Macon Library Named Among Most Beautiful in Georgia

Macon's Washington Memorial Library has been named one of Georgia Public Library Service's 10 most beautiful in Georgia.

"The Washington Memorial Library opened Nov. 28, 1923, on the site of Washington Place, the home of former Macon Mayor James H. R. Washington. His granddaughter, Ellen Washington Bellamy, donated the site and $50,000 for a library to be built in memory of her brother, Hugh Vernon Washington. Memorials to the family are incorporated into the architecture, including a coat of arms above the original front door and bas-relief cameos high on the north and south interior walls. The Lanier Alcove houses a bust of poet Sidney Lanier by Gutzon Borglum, designer of Mount Rushmore and Stone Mountain. The library’s Genealogical & Historical Room ranks among the top such facilities in Georgia."

"From a 130-year-old English Baroque library with stained glass crafted by Tiffany to a seaside casino turned National Literary Landmark to a contemporary Atlanta architectural icon, Georgia Public Library Service’s newly recognized list of the state’s 10 Most Beautiful Public Libraries offers a treasure trove of charms waiting to be discovered.

In chronological order, the list includes:

The Mary Willis Library in Washington (1888)

The Carnegie Branch Library in Savannah (1914)

The Washington Memorial Library in Macon (1923)

The St. Simons Island Public Library (1937)

The Buckhead Branch Library in Atlanta (1989)

The Columbus Public Library (2005)

The Hamilton Mill Library in Dacula (2011)

The Dog River Public Library in Douglasville (2011)

The Porter Memorial Library in Covington (2011)

The Metropolitan Library in Atlanta (2015)


To identify and recognize these libraries, GPLS solicited help from residents around the state. After a two-month online-submission campaign, the agency received nominations recommending a total of 60 facilities.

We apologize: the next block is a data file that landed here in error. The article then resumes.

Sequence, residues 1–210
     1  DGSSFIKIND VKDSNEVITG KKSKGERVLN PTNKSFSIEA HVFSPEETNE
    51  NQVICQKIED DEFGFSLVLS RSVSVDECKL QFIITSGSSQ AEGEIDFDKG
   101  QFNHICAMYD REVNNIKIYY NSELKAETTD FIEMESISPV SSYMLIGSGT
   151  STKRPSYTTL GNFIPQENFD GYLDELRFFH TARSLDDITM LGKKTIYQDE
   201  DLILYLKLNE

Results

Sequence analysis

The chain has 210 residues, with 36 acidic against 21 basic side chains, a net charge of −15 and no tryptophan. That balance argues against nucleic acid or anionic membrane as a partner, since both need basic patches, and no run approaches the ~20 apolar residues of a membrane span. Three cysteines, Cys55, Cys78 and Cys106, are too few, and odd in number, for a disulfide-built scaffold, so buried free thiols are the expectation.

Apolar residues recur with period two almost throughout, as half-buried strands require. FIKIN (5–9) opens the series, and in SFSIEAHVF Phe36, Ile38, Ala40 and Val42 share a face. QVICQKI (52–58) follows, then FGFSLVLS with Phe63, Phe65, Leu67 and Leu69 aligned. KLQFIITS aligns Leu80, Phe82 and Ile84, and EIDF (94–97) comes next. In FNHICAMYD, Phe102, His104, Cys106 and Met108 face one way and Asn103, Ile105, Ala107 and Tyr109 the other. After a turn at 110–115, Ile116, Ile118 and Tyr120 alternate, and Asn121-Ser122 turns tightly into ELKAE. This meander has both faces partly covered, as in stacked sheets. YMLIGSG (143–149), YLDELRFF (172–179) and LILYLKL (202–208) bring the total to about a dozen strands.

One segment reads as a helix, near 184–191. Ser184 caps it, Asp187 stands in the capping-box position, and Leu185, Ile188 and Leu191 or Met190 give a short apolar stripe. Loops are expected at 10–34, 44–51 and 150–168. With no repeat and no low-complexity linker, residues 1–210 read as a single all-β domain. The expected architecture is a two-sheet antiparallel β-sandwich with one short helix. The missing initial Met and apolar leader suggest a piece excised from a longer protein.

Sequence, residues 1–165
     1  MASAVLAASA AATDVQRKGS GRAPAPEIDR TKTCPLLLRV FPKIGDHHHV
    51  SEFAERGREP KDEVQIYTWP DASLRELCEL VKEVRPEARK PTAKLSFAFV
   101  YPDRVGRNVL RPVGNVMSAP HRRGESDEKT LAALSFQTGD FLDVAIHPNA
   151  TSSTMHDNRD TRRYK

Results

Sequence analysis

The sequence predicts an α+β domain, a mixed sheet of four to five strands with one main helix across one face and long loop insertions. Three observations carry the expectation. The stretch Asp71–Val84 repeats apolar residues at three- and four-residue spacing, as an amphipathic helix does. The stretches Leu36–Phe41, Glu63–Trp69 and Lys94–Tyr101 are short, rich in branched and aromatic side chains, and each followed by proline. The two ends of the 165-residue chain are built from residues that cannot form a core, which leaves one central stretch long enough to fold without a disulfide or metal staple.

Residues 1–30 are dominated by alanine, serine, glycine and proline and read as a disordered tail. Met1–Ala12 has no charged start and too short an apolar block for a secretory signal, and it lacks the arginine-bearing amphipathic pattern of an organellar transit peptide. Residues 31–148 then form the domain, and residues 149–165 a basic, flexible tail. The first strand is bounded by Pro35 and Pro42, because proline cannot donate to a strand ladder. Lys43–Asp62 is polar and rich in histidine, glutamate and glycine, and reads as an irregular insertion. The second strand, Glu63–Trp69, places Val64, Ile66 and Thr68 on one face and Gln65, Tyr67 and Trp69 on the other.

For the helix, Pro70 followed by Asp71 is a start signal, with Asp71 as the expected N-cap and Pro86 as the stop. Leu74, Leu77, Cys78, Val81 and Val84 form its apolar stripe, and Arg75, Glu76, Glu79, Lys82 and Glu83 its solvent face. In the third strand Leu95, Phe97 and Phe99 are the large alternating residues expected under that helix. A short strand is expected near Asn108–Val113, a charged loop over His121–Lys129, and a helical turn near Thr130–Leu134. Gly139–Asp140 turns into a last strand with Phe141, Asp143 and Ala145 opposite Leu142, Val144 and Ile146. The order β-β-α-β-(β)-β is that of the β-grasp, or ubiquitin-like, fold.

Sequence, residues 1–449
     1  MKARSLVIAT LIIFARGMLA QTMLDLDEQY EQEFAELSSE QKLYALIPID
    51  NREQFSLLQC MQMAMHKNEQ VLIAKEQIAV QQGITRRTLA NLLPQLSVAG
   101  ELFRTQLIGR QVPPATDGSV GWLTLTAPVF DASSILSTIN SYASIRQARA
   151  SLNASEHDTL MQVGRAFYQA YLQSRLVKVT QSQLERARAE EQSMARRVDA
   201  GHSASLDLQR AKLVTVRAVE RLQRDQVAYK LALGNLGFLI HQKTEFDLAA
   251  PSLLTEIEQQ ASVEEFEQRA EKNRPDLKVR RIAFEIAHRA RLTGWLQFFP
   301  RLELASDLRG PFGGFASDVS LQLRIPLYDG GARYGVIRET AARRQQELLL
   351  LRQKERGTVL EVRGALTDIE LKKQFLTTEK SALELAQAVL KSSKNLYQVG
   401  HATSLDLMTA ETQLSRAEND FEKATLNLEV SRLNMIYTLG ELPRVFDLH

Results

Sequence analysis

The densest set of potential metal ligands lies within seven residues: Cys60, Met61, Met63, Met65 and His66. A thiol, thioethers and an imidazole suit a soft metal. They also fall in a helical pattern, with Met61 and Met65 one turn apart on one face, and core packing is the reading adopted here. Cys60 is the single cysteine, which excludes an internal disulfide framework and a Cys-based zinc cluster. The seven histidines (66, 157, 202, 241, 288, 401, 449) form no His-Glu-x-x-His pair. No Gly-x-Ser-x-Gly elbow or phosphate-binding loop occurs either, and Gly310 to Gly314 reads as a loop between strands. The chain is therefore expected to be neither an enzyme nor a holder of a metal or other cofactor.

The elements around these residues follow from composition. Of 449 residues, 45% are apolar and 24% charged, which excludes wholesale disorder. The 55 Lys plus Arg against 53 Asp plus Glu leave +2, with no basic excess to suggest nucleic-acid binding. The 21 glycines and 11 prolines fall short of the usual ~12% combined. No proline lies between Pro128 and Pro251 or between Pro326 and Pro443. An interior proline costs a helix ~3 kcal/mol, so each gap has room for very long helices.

'Those libraries were then judged on their overall design, both in form and function, as well as for their interior and exterior styles and sense of timelessness,” explained State Librarian Julie Walker. “We also wanted to recognize libraries that are, or were, innovative for their time, as well as those whose design reflects and serves their respective communities.'

A panel of public library and architecture professionals reviewed the candidates this winter and, over the course of three rounds of voting, narrowed the 60 nominees down to 10. The judging panel included Leslie Sharp, associate vice provost with the Georgia Institute of Technology and a teacher of historic preservation in the College of Architecture there, and Allyson McCarthy, architect and partner with Turco McCarthy Architecture & Design, who is a former chair of the Atlanta Urban Design Commission. Panel members from GPLS were Walker; Wendy Cornelisen, assistant state librarian for library innovation and collaboration; Jessica Everingham, assistant state librarian for library development and support; Nathan Rall, director of library planning and construction; and David Baker, director of communications and strategic partnerships. Between them, Rall and Baker have nearly five decades of experience working in the design and construction industry."

Patrons can pick up their very own passport from Washington Memorial Library as well as get their “passports” stamped at Washington Library and each of the 17 libraries included in the promotion. The other seven libraries “whose architectural significance or spectacular settings make them equally worthy destinations for travelers,” the news release says, are: Atlanta Central Library, the Eatonton-Putnam County Library, the Lavonia-Carnegie Library, the Royston Branch Library, Savannah’s Bull Street Branch Library, the Senoia Branch Library and the Towns County Public Library by Lake Chatuge in the town of Hiawassee.


posted 06/27/2017 in Uncategorized


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